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If Kuber wants to give, then you must keep doors open: Economic affairs secretary

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Economic affairs secretary Atanu Chakraborty expects the new flow of overseas money into government securities to reduce interest rates in the system. In an interview with TOI’s Surojit Gupta & Sidhartha, he hints that small savings rate on instruments such as PPF may be lowered from April, while maintaining that the government needs to protect the interests of senior citizens and the girl child. Excerpts:
Does the Budget address the concerns of slowdown?
Yes, in more than one measure, very substantially and in a very strategic, concerted and planned fashion.
There is an apprehension that not enough money has been put in the hands of the taxpayer to boost consumption…
The speech talks about boosting income through investment and enhancing purchasing power. Somehow, economists in India have got used to seeing one to one allocations. On the demand side, income tax is one of the demand boosters. Then, there are things like doubling farmers’ income through steps like linkage to the market. We are ready with the National Infrastructure Pipeline, which is fully provided for with a list of 6,500 projects and their details. There are steps on long-term finance, there is additional funds for capex. Today, most of the bond money moves through indices through passive investment. We have to attract that money. Four categories of government of India bonds will be opened up for non-resident float as well as domestic float which means larger amount of money. Whenever you have fungibility of money, rates come down. When that rate is reduced, monetary policy transmission becomes more efficient, then it moves very quickly to banks. We had closed our doors and Lakshmi was standing outside. Now, the government has opened the doors. If Kuber wants to give, then you have to have your doors open. Open it slightly but at the same time be careful.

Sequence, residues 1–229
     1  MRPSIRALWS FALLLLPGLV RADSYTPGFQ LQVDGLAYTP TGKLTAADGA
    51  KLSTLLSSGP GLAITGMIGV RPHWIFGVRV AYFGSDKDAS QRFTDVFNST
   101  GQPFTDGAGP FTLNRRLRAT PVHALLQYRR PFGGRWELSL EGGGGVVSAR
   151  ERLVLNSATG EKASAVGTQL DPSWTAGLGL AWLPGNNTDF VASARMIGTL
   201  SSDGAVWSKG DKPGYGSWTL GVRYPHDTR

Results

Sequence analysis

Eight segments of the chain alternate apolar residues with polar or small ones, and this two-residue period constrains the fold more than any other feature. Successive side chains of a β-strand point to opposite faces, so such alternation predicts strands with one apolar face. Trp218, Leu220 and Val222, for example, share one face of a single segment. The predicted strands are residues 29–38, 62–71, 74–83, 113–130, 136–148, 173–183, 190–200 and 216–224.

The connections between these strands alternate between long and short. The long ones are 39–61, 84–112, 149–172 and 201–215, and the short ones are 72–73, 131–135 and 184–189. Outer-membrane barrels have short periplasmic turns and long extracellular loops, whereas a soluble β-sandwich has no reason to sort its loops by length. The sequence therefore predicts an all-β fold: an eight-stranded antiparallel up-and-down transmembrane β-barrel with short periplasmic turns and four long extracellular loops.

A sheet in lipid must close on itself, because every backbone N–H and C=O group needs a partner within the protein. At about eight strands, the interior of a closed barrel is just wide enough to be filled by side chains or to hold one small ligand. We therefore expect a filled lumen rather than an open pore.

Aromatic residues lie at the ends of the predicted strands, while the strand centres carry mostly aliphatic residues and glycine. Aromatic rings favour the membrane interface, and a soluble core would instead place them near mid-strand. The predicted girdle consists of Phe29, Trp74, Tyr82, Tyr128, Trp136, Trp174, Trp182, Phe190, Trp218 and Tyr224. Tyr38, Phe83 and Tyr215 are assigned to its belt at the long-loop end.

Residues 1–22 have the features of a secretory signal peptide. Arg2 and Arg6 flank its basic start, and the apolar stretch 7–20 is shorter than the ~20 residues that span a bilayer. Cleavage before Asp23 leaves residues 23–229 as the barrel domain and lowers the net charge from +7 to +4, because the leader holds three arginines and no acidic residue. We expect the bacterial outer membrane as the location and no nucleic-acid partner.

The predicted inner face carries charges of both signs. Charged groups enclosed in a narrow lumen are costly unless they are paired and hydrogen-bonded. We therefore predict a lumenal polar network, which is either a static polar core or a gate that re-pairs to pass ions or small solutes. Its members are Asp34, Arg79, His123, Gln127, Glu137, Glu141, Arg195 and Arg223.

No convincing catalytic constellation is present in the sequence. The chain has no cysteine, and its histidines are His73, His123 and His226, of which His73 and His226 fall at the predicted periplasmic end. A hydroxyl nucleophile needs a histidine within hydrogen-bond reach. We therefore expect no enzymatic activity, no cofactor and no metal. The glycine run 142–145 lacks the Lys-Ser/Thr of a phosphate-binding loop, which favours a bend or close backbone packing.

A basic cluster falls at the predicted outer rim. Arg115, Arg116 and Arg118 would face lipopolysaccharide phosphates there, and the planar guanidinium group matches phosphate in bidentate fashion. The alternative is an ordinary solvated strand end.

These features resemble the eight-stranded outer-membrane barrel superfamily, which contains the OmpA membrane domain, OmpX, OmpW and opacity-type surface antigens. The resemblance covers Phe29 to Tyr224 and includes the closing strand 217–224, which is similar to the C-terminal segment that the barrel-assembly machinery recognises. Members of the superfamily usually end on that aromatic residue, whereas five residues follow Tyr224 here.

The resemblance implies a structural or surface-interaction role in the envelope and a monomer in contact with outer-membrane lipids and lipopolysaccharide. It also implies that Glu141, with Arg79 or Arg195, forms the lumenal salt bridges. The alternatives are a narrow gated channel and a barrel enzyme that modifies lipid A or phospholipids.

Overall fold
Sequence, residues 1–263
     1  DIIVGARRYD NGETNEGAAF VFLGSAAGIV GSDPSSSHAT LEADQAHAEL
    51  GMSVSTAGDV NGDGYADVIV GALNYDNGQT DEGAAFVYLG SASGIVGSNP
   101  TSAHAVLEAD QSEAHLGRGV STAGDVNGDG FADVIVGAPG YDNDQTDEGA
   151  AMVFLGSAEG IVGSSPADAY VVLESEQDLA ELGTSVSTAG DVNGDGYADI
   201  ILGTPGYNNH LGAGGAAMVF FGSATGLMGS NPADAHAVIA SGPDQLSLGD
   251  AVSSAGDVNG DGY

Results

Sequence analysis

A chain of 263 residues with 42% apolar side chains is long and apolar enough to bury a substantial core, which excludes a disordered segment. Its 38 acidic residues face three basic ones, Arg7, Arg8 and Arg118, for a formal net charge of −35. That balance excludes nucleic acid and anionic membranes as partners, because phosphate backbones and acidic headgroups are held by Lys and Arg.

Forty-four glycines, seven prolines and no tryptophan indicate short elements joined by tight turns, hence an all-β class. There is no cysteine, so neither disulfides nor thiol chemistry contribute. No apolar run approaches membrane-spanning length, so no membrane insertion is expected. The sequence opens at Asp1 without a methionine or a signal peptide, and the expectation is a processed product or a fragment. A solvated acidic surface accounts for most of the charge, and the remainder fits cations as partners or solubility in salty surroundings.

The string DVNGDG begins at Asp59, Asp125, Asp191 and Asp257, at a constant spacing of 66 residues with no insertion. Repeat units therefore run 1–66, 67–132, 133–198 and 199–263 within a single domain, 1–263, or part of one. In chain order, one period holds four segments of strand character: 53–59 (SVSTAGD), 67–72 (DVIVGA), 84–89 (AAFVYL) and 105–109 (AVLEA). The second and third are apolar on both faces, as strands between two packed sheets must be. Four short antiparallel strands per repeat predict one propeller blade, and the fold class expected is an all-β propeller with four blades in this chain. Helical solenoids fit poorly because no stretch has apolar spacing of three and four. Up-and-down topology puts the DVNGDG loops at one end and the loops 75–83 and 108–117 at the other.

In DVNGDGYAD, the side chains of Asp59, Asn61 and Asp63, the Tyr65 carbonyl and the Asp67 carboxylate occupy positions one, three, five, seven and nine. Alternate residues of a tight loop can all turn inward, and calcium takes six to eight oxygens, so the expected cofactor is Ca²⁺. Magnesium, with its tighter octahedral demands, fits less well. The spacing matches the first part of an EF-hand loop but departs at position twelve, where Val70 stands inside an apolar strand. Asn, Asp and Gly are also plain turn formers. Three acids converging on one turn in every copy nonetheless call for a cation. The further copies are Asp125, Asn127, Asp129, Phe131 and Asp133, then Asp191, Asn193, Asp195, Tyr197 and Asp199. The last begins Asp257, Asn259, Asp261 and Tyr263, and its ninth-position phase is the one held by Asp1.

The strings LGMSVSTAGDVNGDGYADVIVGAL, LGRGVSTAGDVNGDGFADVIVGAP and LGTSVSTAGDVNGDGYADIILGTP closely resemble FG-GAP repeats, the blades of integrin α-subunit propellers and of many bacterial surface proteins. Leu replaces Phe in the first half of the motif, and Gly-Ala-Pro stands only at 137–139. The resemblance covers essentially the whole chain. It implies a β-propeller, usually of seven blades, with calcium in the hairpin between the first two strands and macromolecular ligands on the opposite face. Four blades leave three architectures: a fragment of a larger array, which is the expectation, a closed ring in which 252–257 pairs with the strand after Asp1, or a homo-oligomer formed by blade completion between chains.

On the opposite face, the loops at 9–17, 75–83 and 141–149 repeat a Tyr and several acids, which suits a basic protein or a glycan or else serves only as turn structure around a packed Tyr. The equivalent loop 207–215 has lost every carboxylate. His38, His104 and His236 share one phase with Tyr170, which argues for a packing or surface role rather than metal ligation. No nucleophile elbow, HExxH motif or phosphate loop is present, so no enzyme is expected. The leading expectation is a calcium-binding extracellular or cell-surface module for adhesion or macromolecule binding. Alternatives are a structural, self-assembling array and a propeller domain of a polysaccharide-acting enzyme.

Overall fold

The National Infrastructure Investment Fund has been around for a while. What is the progress?
It has already disbursed Rs 16,000 crore and has a pipeline of Rs 38,000 crore. They have set up an infrastructure debt fund and now they have set up an NBFC, where we plan to provide equity. They have also tied up with sovereign wealth funds who want to come on the debt side.
If you look at the allocation of several sectors such as MGNREGA, there is not much increase.
Everybody comes down to MGNREGA. It is not a classical long-term employment generator, that’s why its nature has slightly been tinkered with when we talk about fodder farms. It has to be pushed into asset generation, otherwise it’s a waste of taxpayers’ money.
One issue which is talked about when we refer to monetary transmission is the issue of small savings rates. Is there a move to review them since the government hasn’t changed rates?
I don’t think this is a budget issue. Wait for the quarterly reset, you will get the answer. All the questions are towards lowering of interest rates. At the same time, we have some amount of responsibility towards senior citizens and the girl child.
Ratings agencies have raised some concerns over fiscal deficit at 3.8% of GDP. Are you worried?
As far as rating agencies are concerned, it is natural that they will be concerned. They will also like to be assuaged. When I meet them, my answer would be ‘we have till now walked the talk’. See the proof of the pudding when you finish the year. May be, our articulation with them at this stage needs some enhancement. We need to do that. There is nothing adversarial. We should also give them proof of our commitment to fiscal consolidation.





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